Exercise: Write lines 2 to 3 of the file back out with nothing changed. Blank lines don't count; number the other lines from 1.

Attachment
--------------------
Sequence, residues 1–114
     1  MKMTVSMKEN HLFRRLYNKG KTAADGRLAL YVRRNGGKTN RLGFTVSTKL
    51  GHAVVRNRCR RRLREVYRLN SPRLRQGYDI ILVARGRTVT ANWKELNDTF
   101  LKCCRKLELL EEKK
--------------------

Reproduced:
     1  MKMTVSMKEN HLFRRLYNKG KTAADGRLAL YVRRNGGKTN RLGFTVSTKL
    51  GHAVVRNRCR RRLREVYRLN SPRLRQGYDI ILVARGRTVT ANWKELNDTF